The second feature I caught was the provocatively titled, What You Gonna Do When the World's on Fire?, following the lives of a black community a year after the death of Alton Stirling at the hands of local police. The local chapter of the Black Panthers are lead by vocal and outspoken beliefs that there's little that's changed in America since the time of slavery, and that the police are keeping them subdued to the advancement of the white race; Ronaldo and Titus, two young boys innocently finding things to do in surroundings not designed to nurture young minds so go playing by the train tracks; and Judy, singer at the local Oopoopadoo Bar, sharing her horrific stories of rape and crack addiction in the hope of helping others. Shot in black and white by Italian director Roberto Minervi, it's beautiful to look at, powerful in its statement, but at 2 hours and 3 minutes running time, also a bit overlong.

My last film of the first day, the opening night premiere at Sheffield City Hall, was for Asif Kapadia's Diego Maradona. Kapadia, a director who has made narrative and documentary features throughout his career, is perhaps best known (definitely at Doc/Fest) for his two previous biographical documentaries, Senna and Amy, the latter winning him an Oscar. It's fair to say then that Diego Maradona arrived with a world of expectation, with this portrait of such a controversial figure coming from the man who documented Ayrton Senna's career and tragic demise in motorsport and crafted an incredibly moving look at the misunderstood and mistreated Amy Winehouse. What differs here is that Maradona is still alive, and there had been reports and worries during the production of what his involvement would mean to Kapadia's access to footage and ability to tell the truth. Thankfully, Kapadia is a master at this sort of thing now, and Diego Maradona (the film) is a fascinating, raw, sympathetic and often damning portrait of Diego Maradona (the man). Adopting the idea that there are two main characters in the film (the affectionate family man Diego, and the troubled footballer worshipped like a god, Maradona), what's most surprising to me as someone who's allergic to sport was how much I was swept up by the football on show. And there's a lot of football in this film.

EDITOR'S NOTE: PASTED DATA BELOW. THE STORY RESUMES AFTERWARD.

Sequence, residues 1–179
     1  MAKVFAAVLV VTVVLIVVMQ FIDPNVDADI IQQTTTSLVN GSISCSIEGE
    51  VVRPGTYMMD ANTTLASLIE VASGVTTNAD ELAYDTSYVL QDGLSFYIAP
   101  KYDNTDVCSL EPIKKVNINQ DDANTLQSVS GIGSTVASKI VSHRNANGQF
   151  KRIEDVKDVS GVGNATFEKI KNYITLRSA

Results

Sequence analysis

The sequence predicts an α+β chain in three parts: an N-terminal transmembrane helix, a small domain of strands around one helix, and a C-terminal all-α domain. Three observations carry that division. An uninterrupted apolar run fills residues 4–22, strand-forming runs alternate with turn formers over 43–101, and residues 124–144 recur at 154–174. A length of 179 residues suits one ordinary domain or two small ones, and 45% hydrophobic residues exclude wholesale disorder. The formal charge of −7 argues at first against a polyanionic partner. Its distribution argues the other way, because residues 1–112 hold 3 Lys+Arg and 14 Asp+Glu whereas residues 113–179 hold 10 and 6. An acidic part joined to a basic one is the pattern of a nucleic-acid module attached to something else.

Maradona's fame and status as one of the greatest footballers of all time managed to reach even a layman like me, but it's fair to say that beyond gossip of his womanising ways, ties to gangsters and infamous "Hand of God" goal against England in the 1986 World Cup, I knew next to nothing about him. This film begins at a pace, with what appears to be a car chase through the streets of Naples, hurrying to announce Maradona's arrival in the city and at the football club as its saviour. From there it follows his career ups and downs, including two World Cups with Argentina and leading Napoli to league winning titles before his personal demons lead to it all crashing down in front of him.